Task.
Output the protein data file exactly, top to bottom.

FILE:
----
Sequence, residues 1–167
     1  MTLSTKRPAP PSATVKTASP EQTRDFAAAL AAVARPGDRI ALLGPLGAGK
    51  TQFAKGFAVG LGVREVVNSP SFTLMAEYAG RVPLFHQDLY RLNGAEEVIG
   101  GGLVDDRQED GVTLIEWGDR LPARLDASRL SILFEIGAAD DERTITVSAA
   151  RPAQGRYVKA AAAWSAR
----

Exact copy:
Sequence, residues 1–167
     1  MTLSTKRPAP PSATVKTASP EQTRDFAAAL AAVARPGDRI ALLGPLGAGK
    51  TQFAKGFAVG LGVREVVNSP SFTLMAEYAG RVPLFHQDLY RLNGAEEVIG
   101  GGLVDDRQED GVTLIEWGDR LPARLDASRL SILFEIGAAD DERTITVSAA
   151  RPAQGRYVKA AAAWSAR